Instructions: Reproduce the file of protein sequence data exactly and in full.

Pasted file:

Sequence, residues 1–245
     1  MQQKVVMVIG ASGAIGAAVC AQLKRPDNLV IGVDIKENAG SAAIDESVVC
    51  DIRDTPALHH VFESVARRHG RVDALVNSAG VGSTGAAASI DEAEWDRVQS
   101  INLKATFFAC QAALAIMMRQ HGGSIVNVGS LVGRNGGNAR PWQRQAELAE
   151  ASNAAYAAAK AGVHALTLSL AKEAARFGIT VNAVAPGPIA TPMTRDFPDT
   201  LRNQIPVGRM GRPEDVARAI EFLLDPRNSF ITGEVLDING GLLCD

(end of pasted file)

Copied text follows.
Sequence, residues 1–245
     1  MQQKVVMVIG ASGAIGAAVC AQLKRPDNLV IGVDIKENAG SAAIDESVVC
    51  DIRDTPALHH VFESVARRHG RVDALVNSAG VGSTGAAASI DEAEWDRVQS
   101  INLKATFFAC QAALAIMMRQ HGGSIVNVGS LVGRNGGNAR PWQRQAELAE
   151  ASNAAYAAAK AGVHALTLSL AKEAARFGIT VNAVAPGPIA TPMTRDFPDT
   201  LRNQIPVGRM GRPEDVARAI EFLLDPRNSF ITGEVLDING GLLCD